Science in Christian Perspective

Letter to the Editor

"What is Truth in Science?"

David C. Nutter, ASA Member

Deputy Director George C. Marshall Institute
1730 K Street, NW Suite 905
Washington, DC

From: PSCF 49 (June 1997): 139-140.

I am a very new member of the ASA and have received the latest volume of PSCF (Vol. 49, No. 1) in which the debate regarding methodological naturalism (MN) rages. It appears that Christian (I use this classification purposefully rather than the term "evangelical") scientists desire some way of finding their way back to the broader scientific community. I'm afraid that debating MN is a waste of time in this correct pursuit.

As Christians, our first responsibility is to serve our Savior. We are then called to live completely integrated livesóliving out our spiritual lives in a fallen worldóso that all might see Christ. Obviously, such a position has placed committed Christians who are also trained and disciplined scientists at odds with our colleagues in the scientific community. A debate wherein science for science's sake versus science with a metaphysical twist only serves to broaden the gulf between the aforementioned parties.

Let me suggest a far more simple gangplank, which is considerably less fun but much more effective. The current debate that is being fought within the scientific community is "What is truth in science?" Please reference Representative George Brown's attack on what he terms "skeptic scientists" in the March 1997 issue of Environment (Volume 39, Number 2, pp. 12-31). This frontal attack is upon a faction within the community that believes that science is the pursuit of Truth, which of course can inconveniently muddle the plans of those on the Hill who might have specious interests (there is also a faction within the scientific community that is guilty of thisóreference Alston Chase's editorial in the Friday, March 7, 1997 edition of the Washington Times).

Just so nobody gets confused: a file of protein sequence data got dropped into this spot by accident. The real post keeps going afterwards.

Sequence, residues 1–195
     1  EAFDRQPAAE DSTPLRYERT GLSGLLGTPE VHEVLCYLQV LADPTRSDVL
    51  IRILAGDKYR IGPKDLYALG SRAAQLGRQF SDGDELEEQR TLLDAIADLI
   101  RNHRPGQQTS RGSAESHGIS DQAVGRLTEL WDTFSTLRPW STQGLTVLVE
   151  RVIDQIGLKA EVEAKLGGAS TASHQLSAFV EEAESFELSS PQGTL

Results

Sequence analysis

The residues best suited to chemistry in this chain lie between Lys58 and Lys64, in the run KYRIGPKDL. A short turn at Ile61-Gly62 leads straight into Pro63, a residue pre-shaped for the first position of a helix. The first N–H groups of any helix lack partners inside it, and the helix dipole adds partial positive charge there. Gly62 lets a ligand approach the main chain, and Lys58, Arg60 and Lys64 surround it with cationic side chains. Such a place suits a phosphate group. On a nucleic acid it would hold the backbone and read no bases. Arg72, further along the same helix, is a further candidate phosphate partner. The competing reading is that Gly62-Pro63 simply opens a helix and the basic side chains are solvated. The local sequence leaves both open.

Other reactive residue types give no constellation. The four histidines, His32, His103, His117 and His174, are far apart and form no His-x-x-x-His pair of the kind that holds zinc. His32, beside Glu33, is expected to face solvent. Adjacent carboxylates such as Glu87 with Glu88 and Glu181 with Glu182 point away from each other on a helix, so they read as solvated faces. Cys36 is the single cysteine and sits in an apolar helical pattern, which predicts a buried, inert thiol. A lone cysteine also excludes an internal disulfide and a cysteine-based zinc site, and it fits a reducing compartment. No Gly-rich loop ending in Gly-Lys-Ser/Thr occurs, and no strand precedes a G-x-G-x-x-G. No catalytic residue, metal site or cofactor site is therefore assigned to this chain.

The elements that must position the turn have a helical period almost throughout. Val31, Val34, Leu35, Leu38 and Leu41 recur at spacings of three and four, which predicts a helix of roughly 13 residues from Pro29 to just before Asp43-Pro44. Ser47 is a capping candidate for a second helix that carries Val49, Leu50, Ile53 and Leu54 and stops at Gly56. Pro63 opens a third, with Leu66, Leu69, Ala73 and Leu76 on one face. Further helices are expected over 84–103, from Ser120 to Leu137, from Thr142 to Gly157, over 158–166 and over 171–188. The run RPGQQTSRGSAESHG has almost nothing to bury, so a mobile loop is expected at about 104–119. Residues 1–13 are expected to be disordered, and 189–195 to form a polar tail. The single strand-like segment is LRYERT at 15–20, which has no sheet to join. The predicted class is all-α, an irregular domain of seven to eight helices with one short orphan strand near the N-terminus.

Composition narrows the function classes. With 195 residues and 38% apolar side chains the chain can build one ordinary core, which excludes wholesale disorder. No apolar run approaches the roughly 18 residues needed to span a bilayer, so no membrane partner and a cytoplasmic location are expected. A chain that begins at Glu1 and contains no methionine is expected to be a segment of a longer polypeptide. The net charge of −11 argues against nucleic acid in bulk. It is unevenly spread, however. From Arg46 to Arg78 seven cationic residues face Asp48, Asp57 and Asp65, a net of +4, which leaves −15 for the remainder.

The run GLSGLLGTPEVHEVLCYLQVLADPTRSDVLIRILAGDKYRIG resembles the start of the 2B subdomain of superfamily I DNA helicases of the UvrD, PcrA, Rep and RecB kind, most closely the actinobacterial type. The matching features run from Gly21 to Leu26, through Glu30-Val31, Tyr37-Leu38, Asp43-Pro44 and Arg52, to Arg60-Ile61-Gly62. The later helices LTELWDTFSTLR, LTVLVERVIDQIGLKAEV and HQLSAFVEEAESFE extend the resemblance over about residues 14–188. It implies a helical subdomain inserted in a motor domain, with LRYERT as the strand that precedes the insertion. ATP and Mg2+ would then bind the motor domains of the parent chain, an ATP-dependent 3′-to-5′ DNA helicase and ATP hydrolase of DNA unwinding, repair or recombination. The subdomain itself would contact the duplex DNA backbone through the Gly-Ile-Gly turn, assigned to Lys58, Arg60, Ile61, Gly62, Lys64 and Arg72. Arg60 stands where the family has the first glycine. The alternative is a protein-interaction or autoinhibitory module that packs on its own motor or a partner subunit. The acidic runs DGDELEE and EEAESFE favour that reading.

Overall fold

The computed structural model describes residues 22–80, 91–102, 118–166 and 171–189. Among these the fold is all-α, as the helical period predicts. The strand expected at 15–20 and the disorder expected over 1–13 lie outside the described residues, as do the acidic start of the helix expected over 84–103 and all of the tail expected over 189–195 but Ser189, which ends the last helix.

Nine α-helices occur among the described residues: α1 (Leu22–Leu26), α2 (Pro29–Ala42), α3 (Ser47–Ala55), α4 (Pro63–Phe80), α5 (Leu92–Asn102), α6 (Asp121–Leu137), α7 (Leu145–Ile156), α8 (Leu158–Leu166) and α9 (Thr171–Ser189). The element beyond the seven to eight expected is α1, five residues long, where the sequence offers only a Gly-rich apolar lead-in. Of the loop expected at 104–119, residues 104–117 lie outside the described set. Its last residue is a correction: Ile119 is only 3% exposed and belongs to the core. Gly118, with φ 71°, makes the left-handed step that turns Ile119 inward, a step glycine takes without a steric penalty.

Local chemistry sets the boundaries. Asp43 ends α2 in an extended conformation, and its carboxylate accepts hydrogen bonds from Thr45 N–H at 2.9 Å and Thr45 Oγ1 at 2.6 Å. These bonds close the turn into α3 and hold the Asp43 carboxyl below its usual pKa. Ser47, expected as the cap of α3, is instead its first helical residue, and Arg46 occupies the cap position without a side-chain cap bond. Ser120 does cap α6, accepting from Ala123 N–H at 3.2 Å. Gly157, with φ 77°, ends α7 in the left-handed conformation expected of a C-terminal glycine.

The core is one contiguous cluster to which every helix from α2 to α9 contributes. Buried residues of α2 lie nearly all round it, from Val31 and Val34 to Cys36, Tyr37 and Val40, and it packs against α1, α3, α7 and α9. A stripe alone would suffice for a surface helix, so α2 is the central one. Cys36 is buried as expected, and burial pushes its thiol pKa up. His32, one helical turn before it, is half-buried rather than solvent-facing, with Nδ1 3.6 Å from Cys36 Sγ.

Scientists who also happen to be Christians believe that there is an absolute Truth and that science is a vehicle for exploring God's creation. This debate surrounding truth and Truth is central to the culture wars being fought today. I would implore ASA members to step into the fray. There are risks, of course. We all know how folks are marginalizedóostracized and often not published. Join with the ranks of scientists that I term as "purists." This is a simple way back on a bridge of love and mutual understanding.

I have long held a vision that Christians should not be reactive to culture, but rather to command culture; that we must take every thought captive for Christ. If Truth is that gangplank, let's use it.